Floating Points, Pharoah Sanders & The London Symphony Orchestra - Promises: This composition, which has nine movements, feels like music for our pandemic times. It immediately reminded me of Prefab Sprout's I Trawl the Megahertz, another album made under difficult circumstances. Both feel like balms, and each is a response to a world that has been closed off. Yet as the movements of Promises progress, there is a world that opens up to you, one in which gentle waves of sound continually introduce new elements that draw on electronic, jazz, and classical but never settle in one bucket. You might call it minimalist, or ambient, but it continually effloresces and deliquesces. An aural bubble bath, if you will, only you never need climb out. Revelatory, lovely, and kind of spiritual, I suspect it will be my favorite album of the year.
John Swartzwelder interview, New Yorker: It was a real surprise that Swartzwelder, beloved former writer of The Simpsons, agreed to an interview with Mike Sacks, given how reclusive he is. It was not so surprising it was done via email. If you know anything about him or his work, it turned out to be as Swartzweldian (a perfectly cromulent word) as you might expect. And insightful. He got into comedy writing because he thought it would be the easiest job on the planet. He renegotiated his contract after the fourth season of The Simpsons so he could work from home, something I can relate to. And he had a diner booth installed in his home so he could write, as you do. His best bit of advice is to just write the first draft as quick as you can and use the rewrite to remove the crap. The second best bit of advice: "Write what makes you laugh. At least you'll get a laugh out of it." The third best bit of advice: "Nothing wrong with horse stalls, when you think about it. Horses like them." Speaking of horses...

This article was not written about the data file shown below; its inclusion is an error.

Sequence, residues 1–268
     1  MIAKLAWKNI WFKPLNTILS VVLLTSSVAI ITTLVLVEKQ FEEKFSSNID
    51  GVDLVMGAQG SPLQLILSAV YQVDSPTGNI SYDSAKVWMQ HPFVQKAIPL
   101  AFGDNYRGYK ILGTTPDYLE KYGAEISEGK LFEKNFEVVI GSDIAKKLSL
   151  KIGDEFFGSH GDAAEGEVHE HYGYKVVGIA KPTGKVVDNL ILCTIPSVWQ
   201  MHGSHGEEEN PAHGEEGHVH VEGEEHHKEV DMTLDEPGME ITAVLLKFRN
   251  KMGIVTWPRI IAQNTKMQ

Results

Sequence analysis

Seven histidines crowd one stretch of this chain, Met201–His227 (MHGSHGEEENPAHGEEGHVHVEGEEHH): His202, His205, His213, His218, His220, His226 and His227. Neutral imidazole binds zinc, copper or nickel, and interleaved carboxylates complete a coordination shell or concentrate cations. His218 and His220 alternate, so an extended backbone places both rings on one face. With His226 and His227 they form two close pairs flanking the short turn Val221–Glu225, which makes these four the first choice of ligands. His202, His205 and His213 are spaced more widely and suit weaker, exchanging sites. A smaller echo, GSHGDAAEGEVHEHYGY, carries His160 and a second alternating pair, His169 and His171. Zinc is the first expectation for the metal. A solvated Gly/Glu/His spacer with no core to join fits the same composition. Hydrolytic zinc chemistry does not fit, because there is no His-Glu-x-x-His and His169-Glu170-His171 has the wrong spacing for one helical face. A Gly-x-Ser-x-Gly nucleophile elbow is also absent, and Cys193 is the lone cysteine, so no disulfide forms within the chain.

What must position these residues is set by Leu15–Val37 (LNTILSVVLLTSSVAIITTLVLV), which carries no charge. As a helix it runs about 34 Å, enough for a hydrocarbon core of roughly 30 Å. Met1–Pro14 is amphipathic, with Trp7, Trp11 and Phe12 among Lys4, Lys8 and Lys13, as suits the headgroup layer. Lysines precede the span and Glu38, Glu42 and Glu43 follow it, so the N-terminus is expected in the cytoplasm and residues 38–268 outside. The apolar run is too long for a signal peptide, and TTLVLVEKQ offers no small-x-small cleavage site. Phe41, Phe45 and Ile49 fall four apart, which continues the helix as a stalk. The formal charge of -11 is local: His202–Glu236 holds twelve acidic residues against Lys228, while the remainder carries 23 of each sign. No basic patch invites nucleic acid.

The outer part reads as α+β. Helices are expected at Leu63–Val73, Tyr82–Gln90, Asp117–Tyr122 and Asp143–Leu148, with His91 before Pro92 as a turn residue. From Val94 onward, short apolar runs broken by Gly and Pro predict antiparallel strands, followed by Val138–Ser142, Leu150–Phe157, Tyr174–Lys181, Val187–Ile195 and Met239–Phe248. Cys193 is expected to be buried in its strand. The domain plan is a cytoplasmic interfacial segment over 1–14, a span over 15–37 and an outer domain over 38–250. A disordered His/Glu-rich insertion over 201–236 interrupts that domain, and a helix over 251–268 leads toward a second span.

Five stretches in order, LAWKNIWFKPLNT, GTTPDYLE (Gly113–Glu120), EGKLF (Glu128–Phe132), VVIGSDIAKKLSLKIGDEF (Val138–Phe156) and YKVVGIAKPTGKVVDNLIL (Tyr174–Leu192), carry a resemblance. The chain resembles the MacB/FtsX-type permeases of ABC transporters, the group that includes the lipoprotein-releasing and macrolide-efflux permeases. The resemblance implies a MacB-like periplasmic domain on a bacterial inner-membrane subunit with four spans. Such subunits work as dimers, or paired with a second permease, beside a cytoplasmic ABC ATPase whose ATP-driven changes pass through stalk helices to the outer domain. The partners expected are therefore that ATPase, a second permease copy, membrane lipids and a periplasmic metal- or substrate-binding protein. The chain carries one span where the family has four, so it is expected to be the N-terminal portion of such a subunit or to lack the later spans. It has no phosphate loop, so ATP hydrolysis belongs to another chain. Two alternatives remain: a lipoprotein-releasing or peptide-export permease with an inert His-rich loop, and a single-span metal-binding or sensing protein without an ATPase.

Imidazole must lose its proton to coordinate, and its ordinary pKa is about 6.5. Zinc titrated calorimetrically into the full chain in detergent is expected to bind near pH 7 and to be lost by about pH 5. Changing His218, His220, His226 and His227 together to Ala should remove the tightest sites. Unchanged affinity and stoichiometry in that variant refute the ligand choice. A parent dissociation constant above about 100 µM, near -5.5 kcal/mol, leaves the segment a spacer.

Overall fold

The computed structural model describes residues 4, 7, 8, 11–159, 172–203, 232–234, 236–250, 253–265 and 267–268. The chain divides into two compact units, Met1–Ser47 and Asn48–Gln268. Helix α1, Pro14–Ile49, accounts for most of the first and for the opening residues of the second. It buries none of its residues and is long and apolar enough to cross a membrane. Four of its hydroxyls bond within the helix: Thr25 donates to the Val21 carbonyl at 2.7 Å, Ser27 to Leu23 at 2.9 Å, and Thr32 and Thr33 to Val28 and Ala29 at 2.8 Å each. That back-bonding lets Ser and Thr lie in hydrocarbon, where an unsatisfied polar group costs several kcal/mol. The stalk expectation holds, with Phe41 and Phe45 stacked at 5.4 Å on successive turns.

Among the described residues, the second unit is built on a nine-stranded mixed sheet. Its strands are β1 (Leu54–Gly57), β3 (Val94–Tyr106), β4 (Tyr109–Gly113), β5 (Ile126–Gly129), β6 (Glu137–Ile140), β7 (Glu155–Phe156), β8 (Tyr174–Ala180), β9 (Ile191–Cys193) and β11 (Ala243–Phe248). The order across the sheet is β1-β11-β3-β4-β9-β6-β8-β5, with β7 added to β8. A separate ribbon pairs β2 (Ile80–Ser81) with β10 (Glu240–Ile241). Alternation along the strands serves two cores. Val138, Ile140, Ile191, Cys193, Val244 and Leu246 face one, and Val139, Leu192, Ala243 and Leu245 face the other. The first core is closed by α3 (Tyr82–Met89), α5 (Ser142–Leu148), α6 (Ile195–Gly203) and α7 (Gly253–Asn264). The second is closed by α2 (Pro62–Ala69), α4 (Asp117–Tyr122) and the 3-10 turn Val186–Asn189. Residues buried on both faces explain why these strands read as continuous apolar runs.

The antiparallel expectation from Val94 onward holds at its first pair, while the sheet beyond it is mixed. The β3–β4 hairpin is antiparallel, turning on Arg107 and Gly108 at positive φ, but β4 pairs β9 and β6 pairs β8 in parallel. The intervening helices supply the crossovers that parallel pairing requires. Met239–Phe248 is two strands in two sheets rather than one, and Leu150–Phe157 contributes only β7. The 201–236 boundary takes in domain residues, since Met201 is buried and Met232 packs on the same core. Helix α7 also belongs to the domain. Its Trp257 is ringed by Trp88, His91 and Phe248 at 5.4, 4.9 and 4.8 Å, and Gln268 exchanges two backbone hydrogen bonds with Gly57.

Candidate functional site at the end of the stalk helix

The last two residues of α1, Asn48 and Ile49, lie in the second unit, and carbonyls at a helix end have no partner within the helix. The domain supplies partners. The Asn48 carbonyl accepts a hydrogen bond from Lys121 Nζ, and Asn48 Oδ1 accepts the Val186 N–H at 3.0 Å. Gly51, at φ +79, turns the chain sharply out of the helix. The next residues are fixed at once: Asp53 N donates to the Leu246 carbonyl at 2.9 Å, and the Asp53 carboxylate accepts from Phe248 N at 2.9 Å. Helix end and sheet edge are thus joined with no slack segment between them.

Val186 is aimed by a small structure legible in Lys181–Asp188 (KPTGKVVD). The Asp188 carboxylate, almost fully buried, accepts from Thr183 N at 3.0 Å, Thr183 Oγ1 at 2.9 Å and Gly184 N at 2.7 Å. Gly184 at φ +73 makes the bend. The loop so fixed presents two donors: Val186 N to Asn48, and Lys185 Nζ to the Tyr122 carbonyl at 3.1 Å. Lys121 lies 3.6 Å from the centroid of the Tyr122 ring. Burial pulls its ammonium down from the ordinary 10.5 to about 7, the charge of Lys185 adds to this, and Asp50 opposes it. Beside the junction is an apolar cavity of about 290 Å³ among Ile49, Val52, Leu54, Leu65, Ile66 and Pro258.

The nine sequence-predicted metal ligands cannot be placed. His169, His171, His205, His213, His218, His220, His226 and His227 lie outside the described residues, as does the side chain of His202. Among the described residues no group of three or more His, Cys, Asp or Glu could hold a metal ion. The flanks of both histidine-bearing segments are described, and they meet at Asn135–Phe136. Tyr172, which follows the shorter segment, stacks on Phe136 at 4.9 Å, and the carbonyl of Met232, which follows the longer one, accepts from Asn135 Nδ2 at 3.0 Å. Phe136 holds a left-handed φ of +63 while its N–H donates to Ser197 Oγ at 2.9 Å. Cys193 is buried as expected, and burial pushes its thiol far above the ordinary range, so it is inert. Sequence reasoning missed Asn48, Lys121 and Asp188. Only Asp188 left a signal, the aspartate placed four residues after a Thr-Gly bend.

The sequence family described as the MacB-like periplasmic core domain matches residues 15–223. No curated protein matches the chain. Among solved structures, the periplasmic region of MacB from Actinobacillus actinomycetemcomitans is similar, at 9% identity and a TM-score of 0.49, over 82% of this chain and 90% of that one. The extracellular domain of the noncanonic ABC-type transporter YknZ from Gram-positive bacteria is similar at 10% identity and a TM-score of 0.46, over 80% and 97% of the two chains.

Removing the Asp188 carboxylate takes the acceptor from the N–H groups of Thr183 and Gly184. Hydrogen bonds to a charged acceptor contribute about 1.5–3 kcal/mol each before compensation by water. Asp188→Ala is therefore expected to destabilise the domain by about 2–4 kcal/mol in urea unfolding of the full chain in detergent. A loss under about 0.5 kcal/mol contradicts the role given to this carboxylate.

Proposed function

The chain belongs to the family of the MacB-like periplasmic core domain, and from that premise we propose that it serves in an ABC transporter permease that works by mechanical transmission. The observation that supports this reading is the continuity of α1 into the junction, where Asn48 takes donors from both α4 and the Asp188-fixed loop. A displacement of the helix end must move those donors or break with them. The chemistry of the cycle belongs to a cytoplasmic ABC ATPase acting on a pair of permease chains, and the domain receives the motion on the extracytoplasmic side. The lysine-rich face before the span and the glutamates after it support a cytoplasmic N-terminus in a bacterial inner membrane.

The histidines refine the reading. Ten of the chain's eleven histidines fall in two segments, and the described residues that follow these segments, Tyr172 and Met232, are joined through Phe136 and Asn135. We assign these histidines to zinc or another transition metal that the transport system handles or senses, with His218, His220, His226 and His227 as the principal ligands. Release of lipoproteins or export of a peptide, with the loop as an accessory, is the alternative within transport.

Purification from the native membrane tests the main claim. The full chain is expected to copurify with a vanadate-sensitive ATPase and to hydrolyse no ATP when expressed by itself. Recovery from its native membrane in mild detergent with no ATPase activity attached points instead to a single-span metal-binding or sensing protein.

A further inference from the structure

Pistol Pete: There are several failed pilots that are legendary. Lookwell. Heat Vision and Jack. Pistol Pete is probably not quite at that level, but there are some big, big laughs in this western-themed comedy created by Swartzwelder. A trick-shooter whose life has been played up in pulp novels, Pistol Pete is summoned to Abilene to be sheriff, and it quickly becomes clear he is not suited for the job. Like most pilots, it really feels like a work in progress, but there are some huge laughs that make you wonder how it would have played out as a weekly series. Probably the best way to sum up its sense of humor is a line delivered just after the town's bank is robbed again: "I keep telling them not to put money in there, but nobody ever listens to me."
Watermelon Man: After rewatching Bamboozled last week, I noticed that this 1970 satire, in which a bigoted white salesman wakes up one morning to discover he is a Black man, is leaving The Criterion Channel at the end of the month, so I watched it. Like Bamboozled, it goes over the top and keeps going. The humor feels sitcom-ish at times, but it is fitfully funny, trenchant, even relevant, despite the fact it is tonally all over the map. Godfrey Cambridge is the salesman (in white makeup in the early scenes, long before Shawn and Marlon Wayans played White Chicks) and Estelle Parsons is his seemingly progressive wife. The screenwriter, Herman Raucher, intended it to be a send up of white liberals, but director Melvin Van Peebles, saw it as a Black power film. Although Van Peebles' vision essentially won out, the film never fully resolves the tension between their perspectives, but it is an interesting curio.
The Red Hot Chili Peppers sold their song catalog for $140m: What, you didn't think they'd just give it away, give it away, give it away now, did you?